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Biernbaum: Data Science is going 99% too fast


Currently Data Science (and Big Data) is a train that is going 99% faster than the rails can support. It can derail and become a failed fad. To succeed, Data Science and Big Data need to specialize.



Guest blog by Mark Biernbaum, Dec 25, 2013.

I am very interested in Big Data and Data Science, and I want Data Science to succeed.

I want to offer some suggestions. I am in agreement that current Data Science is not yet a mature field of inquiry. I think this is a critical time in the development of Data Science and that there are certain steps that the field needs to embrace right now.

Train going too fastMy current visualization of Data Science is a train that is going 99% faster than the rails its on can support. It could derail, go off a cliff, and become nothing but a failed fad. And if it does this, there is a good chance that it will take statistics and other quant fields with it, and we will enter a phase where business will decide that analysis has nothing to offer. I know that everyone reading this knows that if business entered an anti-data phase, a place they have been before, this would be very bad for everyone.

So, it is very important that Data Science stop running 99% too fast. I read an article recently where some Data Scientists were bemoaning the fact that there are many CEOs out there who are not jumping on the Big Data bandwagon, and they couldn't understand why. They suggested it was because these CEOs really didn't understand Big Data. But there is another possibility to explain this- it's Big Data's brand that is impeding it's adoption by more businesses. Right now, Big Data looks like a total mess- like a drag queen whose wig is crooked, who lost a heel, whose lipstick is smeared and who is racing down a runway so fast you know that crazy queen is heading straight for a major collision. Really.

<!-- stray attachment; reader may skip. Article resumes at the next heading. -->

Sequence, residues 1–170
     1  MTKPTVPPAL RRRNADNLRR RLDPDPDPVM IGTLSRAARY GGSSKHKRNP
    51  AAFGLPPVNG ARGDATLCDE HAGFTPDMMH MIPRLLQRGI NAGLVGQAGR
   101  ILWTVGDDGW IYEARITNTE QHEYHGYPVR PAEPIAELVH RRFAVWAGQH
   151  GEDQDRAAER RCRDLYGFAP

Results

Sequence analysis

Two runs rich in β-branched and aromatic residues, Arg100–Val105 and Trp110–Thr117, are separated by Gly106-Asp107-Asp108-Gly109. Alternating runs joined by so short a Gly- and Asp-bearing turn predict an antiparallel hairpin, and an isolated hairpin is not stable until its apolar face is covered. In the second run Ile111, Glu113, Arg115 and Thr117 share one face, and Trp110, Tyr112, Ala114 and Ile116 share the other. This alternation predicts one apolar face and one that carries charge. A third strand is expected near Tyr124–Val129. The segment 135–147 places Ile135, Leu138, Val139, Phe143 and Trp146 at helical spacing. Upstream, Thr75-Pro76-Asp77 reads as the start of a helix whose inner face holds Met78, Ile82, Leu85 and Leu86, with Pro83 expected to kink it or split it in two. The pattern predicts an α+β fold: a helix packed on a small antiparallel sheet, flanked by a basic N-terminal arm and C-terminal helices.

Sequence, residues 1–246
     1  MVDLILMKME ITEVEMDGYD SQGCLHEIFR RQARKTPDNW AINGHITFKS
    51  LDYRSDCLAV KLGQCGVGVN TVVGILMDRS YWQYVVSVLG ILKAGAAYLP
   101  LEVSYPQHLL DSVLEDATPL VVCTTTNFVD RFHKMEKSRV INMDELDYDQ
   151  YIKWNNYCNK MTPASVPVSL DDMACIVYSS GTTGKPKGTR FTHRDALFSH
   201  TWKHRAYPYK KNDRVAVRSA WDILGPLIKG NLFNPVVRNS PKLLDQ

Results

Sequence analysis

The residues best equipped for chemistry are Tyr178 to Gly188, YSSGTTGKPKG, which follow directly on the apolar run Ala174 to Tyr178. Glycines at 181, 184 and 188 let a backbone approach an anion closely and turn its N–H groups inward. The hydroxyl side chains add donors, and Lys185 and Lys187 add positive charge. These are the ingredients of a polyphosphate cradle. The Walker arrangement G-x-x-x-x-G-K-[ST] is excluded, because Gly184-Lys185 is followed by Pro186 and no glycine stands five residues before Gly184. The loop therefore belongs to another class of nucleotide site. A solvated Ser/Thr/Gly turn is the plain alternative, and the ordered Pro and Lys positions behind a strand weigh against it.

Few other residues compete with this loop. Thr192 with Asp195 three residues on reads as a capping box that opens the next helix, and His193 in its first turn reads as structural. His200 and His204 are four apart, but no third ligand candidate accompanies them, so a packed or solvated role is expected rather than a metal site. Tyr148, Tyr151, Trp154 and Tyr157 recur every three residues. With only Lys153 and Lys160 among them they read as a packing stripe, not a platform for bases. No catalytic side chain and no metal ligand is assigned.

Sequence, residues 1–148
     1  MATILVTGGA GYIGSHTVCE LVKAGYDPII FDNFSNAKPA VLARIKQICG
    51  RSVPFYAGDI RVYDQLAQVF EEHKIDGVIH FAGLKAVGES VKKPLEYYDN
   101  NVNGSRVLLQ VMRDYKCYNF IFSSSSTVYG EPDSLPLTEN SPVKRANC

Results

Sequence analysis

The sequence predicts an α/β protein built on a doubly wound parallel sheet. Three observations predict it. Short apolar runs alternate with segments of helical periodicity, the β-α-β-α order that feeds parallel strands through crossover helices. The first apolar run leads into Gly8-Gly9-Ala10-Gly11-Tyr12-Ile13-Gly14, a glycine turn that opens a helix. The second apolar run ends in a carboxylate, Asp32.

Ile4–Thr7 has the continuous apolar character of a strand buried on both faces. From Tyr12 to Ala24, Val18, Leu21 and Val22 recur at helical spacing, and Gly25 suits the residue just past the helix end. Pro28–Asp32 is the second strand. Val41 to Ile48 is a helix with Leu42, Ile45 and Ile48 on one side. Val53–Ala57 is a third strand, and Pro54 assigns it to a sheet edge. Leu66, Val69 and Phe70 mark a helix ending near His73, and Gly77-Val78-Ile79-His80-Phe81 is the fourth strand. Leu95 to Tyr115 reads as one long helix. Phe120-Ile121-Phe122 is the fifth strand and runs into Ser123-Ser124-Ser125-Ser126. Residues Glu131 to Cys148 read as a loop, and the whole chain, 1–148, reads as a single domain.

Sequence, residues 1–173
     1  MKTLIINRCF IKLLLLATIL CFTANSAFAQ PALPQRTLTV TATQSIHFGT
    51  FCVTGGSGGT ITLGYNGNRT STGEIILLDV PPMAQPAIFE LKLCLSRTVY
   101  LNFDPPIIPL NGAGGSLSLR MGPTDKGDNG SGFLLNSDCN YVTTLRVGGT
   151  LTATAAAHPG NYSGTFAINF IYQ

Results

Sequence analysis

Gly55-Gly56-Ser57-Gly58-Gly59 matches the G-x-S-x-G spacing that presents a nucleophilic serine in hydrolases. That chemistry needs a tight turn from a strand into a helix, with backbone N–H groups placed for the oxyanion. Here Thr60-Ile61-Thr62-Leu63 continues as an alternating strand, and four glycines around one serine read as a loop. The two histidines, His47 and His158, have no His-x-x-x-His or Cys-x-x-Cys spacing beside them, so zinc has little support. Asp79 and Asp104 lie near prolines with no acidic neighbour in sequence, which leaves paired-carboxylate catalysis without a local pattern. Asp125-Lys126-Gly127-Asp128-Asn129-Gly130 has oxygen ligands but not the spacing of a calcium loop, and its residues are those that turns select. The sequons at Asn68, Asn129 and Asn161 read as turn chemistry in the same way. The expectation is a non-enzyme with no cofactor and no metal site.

Why? Well, I'm learning that there is a lot of Big Data out there, the variety is huge, and some types of Big Data and methods barely resemble other types. Consumer data, finance data, energy data- they are quite different, they want different things, they approach their data very differently. Financial data really needs to be clean and exact. Predictions have to be extremely focused to be useful. Not so for consumer data, where trends are important, "exact" doesn't mean much, but speed of analysis and immediate applicability to marketing is vital. Smashing all these different types of data under one tent, looks like the biggest monster truck collision ever. All some fields have in common with others is the "Big" part, and that is making Big Data look like a Big Mess.